The anti-intellectualism of historians in the classroom

Over the past several months, I have seen at least a half dozen academic friends circulate a piece from the Huffington Post College blog, entitled, “A Message to My Freshman Students.” The piece touches on some important issues regarding the differences between college-level and secondary-level instruction. I appreciate the author’s attempt to meet his students where they are and acknowledge that college freshmen are facing major changes and that not all of those changers are clearly explained to them.

However, there are more than a few passages that irk me, including one that summarizes my problem with the article: “First, I am your professor, not your teacher.”

I should confess that I came to the profession of “professing” after receiving an undergraduate training in “teaching.” In fact, this article takes me back to my undergraduate education and the whiplash I often felt when walking out of an educational psychology class and into a history course. I recall how impressed I was by the scholarly rigor of education researchers and the evidence they produced to indicate the difference between effective and ineffective instruction. And then I remember the bemusement I felt an hour later by realizing that my history professor clearly never read a word of this scholarship.

Ignorance is one thing, but outright hostility is quite another, and the tone of this article, and of some of the enthusiasm I’ve noticed around it, evinces a dismissal and even condescension to the academic fields of education research. I would even go so far as to call this attitude an anti-intellectualism. Is this outlook toward the academic study of education any less disrespectful and misguided than what we sometimes get from members of the public who feel that Bill O’Reilly’s study of Abraham Lincoln has the same measure of legitimacy as Eric Foner’s?

We all have a standard answer to the question, “how does your research inform your teaching?” but what would happen if if interviewees began asking, “how does research in pedagogy inform your teaching?” Our guild appears to hold the belief that learning how to teach is mostly a matter of general intelligence, experience, and hard work. Most of us receive little-to-no training in how to teach. We are thrust into teaching assistantships and expected to figure it out on the fly. And we do, but this trial by fire approach teaches us more how to survive and less how to ensure the best possible outcomes for our students. Discussions of learning outcomes, best practices, or education psychology too often get dismissed as administrator meddling or an academia adrift in lowering standards. The “tough love” approach epitomized in the article stands in for rigorous engagement with research.

Serious researchers produce insightful scholarship on learning, and we owe it to ourselves and to our students to engage with this material.

My posts this semester will attempt to engage some of this scholarship and explore my feeble attempts to integrate pedagogical research into my instruction. I’m happy to be joining the University of Texas at Dallas this year, an institution that makes interdisciplinarity a way of life. American history has been greatly enriched through insights from our colleagues trained in other departments. But our intellectual ecumenism is still too limited. When is the last time you’ve wondered what they are doing over there in the education department? For me, the answer has been “too long.” I hope you’ll join me here as I try to work through recent scholarship in pedagogical research. If you’d like to read along with me, I will recommend a few journals worth your time:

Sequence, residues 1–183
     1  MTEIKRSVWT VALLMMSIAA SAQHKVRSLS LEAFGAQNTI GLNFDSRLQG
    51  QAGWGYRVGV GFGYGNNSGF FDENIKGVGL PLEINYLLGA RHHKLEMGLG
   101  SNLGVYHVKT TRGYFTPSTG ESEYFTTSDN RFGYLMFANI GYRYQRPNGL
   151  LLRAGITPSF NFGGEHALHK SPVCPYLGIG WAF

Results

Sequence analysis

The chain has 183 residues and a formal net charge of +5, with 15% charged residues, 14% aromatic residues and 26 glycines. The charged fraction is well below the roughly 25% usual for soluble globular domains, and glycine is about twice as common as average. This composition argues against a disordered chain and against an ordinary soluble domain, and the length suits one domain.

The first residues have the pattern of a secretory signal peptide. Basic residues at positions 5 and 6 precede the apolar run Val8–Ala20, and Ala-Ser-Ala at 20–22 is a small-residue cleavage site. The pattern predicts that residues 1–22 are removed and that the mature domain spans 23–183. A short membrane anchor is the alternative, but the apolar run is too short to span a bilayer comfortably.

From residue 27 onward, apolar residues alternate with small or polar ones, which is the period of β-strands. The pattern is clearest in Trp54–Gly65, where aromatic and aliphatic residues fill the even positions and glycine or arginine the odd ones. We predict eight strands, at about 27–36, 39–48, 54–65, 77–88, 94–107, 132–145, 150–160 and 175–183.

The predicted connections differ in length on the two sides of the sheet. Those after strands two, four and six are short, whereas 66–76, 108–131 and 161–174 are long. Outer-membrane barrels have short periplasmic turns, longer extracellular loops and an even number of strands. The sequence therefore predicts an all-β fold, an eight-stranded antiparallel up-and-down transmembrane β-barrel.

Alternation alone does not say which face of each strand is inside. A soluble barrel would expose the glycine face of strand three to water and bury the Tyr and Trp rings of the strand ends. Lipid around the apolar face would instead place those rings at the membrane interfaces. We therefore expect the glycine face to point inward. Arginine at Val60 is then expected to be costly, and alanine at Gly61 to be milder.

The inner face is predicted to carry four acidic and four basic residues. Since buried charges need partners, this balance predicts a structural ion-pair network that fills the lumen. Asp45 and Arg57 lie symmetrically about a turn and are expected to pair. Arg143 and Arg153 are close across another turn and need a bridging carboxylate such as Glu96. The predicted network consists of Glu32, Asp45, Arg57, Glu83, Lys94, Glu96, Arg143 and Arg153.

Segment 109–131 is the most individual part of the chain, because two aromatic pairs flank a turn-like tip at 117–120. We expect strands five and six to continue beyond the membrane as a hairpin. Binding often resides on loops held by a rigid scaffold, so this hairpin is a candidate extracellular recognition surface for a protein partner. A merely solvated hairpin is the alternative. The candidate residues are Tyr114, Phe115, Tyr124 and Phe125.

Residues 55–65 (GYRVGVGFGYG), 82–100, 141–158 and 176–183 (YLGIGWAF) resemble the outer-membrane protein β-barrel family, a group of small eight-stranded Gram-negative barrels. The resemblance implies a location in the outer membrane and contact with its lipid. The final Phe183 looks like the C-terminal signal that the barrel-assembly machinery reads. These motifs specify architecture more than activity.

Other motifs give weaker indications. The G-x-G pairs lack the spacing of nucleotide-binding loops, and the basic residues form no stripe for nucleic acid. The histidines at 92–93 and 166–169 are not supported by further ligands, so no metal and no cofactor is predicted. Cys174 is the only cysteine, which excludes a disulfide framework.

The Review of Higher Education – The journal advances the study of college- and university-related topics through peer-reviewed articles, essays, reviews and research findings, and by emphasizing systematic inquiry–both quantitative and qualitative–and practical implications.

Review of Educational Research – The Review of Educational Research (RER) publishes critical, integrative reviews of research literature bearing on education, including conceptualizations, interpretations, and syntheses of literature and scholarly work in a field broadly relevant to education and educational research.

Contemporary Educational Psychology– Contemporary Educational Psychology publishes articles that involve the application of psychological theory and science to the educational process. Of particular relevance are descriptions of empirical research and the presentation of theory designed to either explicate or enhance the educational process. The journal places great value on the quality of research methodology.

Learning and Instruction – As an international, multi-disciplinary, peer-refereed journal, Learning and Instruction provides a platform for the publication of the most advanced scientific research in the areas of learning, development, instruction and teaching. The journal welcomes original empirical investigations. The papers may represent a variety of theoretical perspectives and different methodological approaches. They may refer to any age level, from infants to adults and to a diversity of learning and instructional settings, from laboratory experiments to field studies.

Educational Research Review – Educational Research Review is a international journal aimed at researchers and various agencies interested to review studies in education and instruction at any level. The journal will accept meta-analytic reviews, narrative reviews and best-evidence syntheses.

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